Je me souviens." To you it's the slogan on a license plate from "that other world across the border." To me it's tourtierre for Christmas breakfast, galettes at a summer cookout, and singing "O Canada" to a maple leaf flag after "The Star-Spangled Banner."
Not that I was born in Quebec, you understand, but more like a convincing stage reproduction of it, a trompe l'oeil of culture, complete with actors never stepping out of character, and Ste. Anne de Beaupre set up in miniature on the banks of the Blackstone.
We're talking about a hemorrhaging of humanity that leeched southward from the St. Lawrence River around 1900 and pooled in little pockets of a territory that, evidently, it was not France's "manifest destiny" to possess: Manchester, Nashua, Concord, Claremont (New Hampshire); Lewiston, Waterville, Biddeford, Sanford (Maine); Fall River, New Bedford, Central Falls (Massachusetts); Woonsocket, Rhode Island.
Disaffected farmers they were, these less glorious sons of Jacques Cartier and Samuel de Champlain, men weary of nine months of snow-bitten earth (the natives say there are two seasons in Quebec: winter and construction) and lured to that new invention of Samuel Slater's, the textile mill, with its promise of a slight easing of the curse of Adam.
Besides cheap labor, they imported their language to New England. And there it languished, and there it died, in that graveyard of all languages, America. It was a deed that took four generations and was complete by mine. Still, my guess is that we would all be speaking French today if Francis I had not been an indifferent patron of exploration, and Henri IV had not been busy waffling on his Catholic or Protestant identity.
In any case, it was back to this land that my friend Lynn decided I should go and that she should take me. And so, not at all sure that I could go forward, I journeyed backward in the summer of '99.
And it was Europe again!-the smells and window boxes and narrow winding cobblestone roads like the crooked lines of a preschooler's drawing. And it was breakfast in sun-drenched sidewalk cafes by tree-lined streets washed nightly and still shimmering, the way Monet does shimmering. And we rode the caleche through the Plains of Abraham and conjured the ghosts of Generals Wolfe and Montcalm in that fateful battle of 1763. And it was stick bread carried under the arm and shared with cheese and mille feuille on our terrace overlooking the Ursuline convent gardens. And we guessed about Madame Chouinard and Monsieur Giroux who ran the inn. And yes, we even laughed, and for six days pretended that life was only beautiful.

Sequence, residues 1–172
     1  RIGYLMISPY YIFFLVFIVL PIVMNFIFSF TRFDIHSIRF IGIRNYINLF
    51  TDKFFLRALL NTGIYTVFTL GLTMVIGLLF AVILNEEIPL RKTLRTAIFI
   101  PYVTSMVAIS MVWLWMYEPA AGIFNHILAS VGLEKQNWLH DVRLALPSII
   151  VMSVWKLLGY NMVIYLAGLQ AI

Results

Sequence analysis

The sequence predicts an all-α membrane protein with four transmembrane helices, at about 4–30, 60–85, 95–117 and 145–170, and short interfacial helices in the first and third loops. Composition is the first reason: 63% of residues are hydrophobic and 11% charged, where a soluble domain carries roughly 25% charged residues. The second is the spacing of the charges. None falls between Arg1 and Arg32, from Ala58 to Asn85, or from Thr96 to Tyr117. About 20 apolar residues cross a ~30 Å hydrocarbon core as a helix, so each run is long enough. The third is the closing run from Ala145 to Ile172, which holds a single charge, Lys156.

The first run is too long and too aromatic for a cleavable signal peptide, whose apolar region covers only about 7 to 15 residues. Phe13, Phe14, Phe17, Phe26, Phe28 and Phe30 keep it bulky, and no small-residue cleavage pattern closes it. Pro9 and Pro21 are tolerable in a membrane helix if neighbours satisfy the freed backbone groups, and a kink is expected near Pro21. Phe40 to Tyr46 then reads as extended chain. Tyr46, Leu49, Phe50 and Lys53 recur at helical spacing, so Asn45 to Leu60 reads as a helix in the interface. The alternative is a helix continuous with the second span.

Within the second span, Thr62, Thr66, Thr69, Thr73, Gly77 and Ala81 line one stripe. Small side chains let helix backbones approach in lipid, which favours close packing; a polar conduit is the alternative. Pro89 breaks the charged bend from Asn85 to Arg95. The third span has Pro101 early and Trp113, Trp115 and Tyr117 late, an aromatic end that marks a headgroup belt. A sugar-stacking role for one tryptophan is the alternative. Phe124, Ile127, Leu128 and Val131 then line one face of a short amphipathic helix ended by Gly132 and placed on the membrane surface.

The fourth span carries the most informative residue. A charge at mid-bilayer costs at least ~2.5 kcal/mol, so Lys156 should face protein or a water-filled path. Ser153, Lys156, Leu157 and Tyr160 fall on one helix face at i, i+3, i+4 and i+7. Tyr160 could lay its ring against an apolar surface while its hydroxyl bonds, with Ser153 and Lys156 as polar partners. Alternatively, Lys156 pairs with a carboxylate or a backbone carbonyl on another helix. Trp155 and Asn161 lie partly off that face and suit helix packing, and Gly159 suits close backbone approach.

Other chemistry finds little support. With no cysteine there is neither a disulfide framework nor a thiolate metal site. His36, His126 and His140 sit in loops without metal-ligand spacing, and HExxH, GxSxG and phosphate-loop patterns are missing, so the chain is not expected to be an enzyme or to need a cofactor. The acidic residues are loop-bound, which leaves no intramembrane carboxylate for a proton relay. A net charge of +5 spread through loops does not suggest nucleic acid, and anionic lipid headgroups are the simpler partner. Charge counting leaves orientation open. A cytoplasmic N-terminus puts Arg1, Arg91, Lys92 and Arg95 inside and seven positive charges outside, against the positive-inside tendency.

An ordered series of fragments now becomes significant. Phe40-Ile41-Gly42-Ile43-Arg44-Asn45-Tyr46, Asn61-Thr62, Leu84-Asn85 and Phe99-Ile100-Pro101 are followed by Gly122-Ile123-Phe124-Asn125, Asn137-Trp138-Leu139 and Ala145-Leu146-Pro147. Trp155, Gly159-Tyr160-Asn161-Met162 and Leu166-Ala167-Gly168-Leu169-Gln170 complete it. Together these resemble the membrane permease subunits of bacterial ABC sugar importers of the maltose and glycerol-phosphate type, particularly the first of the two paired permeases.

And all those childhood names I knew-Legare, Desjardin, Godbout, Lefebvre-I saw lacquered on the sides of tourist buses, on street signs, on banks, the lithographs of local artists, like some surrealistic reconfiguration of my past, a déjà vu. And, wondering who I was now that I was not a wife, I went, alone on Saturday, to Lavale University and pored over yellowing marriage records and pushed back the darkness a few generations-Mailloux, Perrier, St. Pierre, Lambert, Laflame, Belhumeur, Fontaine, Champagne. But it didn't feel like family.
And on Sunday, on the Rue St. Louis we found a church of fellow transients where we all sang common hymns and remembered a common Father and a common emancipation. And it felt like family. A better genealogy.
Je me souviens: "I remember." The homage we give our fathers. What the Recabites were commended for, and the Israelites stumbled over. And now one greater than Cartier and Montcalm is here, one more worthy of our cultivating a remembrance.
I had been feasted sumptuously. I wanted to pay-a croissant, a taxi fare, something. But Lynn explained that it was a gift. And I could see the truth in it. And how it is that we like to pay our own way, not because we are so good but because we are so evil. Never mind, she will be repaid on the day the books are opened (Revelation 20:12). Moi, je me souviens.... And more importantly, He also will remember.